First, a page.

Admittedly it is a bizarre storyline, but the beauty of Maxwell’s work is how it is centred around situations so real. It emerges toward the end of the play that the aliens and the Mother Ship and other life are all a coping strategy created by Eliot for his brother to help him deal with simply being different having developed severe learning difficulties following an accident at sea. The key to this play is the portrayal of each relationship. The love between the brothers and their step mum Lorraine not quite surfacing as she’s not their real mother; the awkward tension between Eliot and Gerry’s friend as he steps on eggshells around her disability, and that tension soon leading to chemistry; the hopeless boy-next-door who thinks he is in love with Lorraine who in turn sees him as merely an irritating little boy; and the clumsy but well meaning policeman, brilliantly played by Daniel Settatree, as he makes haphazard attempts to solve the case whilst making greater, but no more successful attempts, to hide his crush on Lorraine. These well developed relationships, presented by a fantastic cast, combine real emotion and depth with lighthearted comedy, constantly keeping the audience entertained.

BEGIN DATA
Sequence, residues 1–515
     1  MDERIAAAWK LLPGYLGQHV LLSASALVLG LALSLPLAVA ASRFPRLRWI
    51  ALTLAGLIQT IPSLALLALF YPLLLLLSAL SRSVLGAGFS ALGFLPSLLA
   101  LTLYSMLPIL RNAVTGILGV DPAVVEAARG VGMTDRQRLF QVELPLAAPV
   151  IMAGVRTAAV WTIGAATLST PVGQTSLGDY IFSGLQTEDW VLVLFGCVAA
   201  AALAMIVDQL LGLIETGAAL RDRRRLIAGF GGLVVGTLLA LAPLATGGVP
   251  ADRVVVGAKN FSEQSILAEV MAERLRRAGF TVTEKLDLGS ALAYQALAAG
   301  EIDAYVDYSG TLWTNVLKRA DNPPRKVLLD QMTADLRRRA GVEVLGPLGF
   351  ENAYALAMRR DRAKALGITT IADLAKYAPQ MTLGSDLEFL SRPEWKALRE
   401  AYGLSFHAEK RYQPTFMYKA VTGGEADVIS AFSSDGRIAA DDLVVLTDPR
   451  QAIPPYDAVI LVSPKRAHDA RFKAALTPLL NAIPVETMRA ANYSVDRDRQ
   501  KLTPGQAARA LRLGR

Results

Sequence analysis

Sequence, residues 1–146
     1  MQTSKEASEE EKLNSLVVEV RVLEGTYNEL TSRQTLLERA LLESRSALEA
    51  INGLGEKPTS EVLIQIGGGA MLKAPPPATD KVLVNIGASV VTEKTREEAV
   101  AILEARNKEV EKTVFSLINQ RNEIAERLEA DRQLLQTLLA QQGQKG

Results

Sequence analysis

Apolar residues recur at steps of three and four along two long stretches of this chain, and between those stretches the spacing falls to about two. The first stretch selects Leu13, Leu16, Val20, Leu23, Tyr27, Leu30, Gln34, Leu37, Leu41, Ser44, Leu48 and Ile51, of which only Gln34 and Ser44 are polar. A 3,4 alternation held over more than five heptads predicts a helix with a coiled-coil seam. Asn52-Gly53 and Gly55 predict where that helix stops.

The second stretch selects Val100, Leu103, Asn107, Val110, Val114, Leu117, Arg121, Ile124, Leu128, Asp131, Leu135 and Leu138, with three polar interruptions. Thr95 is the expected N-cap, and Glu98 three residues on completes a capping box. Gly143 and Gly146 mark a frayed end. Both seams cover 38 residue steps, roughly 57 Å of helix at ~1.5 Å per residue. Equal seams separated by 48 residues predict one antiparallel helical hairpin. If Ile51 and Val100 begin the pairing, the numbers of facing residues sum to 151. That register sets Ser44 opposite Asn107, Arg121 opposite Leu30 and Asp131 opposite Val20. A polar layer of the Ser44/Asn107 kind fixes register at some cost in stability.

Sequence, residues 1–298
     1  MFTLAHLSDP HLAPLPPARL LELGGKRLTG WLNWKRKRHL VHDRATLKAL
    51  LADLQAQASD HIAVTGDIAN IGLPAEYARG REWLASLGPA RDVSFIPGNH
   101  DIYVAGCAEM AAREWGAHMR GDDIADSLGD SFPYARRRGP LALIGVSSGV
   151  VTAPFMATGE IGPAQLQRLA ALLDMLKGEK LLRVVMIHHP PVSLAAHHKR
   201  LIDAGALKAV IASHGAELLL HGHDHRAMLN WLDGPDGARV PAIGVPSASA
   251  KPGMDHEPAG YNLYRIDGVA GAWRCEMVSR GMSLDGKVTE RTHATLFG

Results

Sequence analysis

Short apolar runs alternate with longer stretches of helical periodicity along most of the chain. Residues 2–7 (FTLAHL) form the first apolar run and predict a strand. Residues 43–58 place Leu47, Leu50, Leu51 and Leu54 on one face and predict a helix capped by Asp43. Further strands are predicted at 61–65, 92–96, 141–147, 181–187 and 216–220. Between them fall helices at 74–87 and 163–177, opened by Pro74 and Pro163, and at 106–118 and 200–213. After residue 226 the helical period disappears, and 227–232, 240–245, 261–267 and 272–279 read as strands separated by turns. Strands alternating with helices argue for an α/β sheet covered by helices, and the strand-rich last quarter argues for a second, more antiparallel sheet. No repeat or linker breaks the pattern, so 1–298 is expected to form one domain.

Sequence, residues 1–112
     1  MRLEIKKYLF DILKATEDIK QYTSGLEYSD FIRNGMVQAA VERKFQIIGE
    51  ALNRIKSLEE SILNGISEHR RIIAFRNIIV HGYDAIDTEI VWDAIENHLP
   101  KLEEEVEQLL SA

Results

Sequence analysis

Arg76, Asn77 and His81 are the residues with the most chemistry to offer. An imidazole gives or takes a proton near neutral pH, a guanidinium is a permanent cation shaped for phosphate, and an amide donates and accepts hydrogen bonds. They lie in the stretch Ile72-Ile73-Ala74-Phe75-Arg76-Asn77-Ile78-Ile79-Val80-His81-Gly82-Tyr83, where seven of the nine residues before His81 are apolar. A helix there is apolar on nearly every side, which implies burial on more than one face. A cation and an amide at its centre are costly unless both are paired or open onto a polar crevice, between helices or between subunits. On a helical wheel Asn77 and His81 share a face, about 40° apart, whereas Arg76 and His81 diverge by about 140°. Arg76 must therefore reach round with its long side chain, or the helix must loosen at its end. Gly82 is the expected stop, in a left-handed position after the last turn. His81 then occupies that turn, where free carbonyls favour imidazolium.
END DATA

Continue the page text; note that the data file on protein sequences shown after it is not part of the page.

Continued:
The clever use of a single set with various inventive props (an amphicar that can drive on water and a makeshift helicopter) reflect the simplicity of the foundations of the play and also the imagination that follows. Not only was the dialogue comic, the timely use of “space age” music added to the atmosphere and played its part in telling the story.

The Mother Ship comes highly recommended, a credit to new theatre.

Photos by Roberts Day: Top - Jonathan Bailey as Eliot and Robyn Hunt as Judy: Bottom - Daniel Settatree as Macmillan and Joanne Moseley as Lorraine

Thursday, 6 March 2008

Hello Dolly - National Tour

By Jerry Herman & Michael Stewart
National Tour (Lowry Theatre Review)
Reviewed By Steve Burbridge

Just ask any aficionado of musical theatre and they’ll tell you that Hello, Dolly! is the biggest show-stopper in the history of the genre. It has all the necessary ingredients required of a classic musical: a wonderful story, memorable songs and one of the most iconic characters ever created – Dolly Gallagher Levi!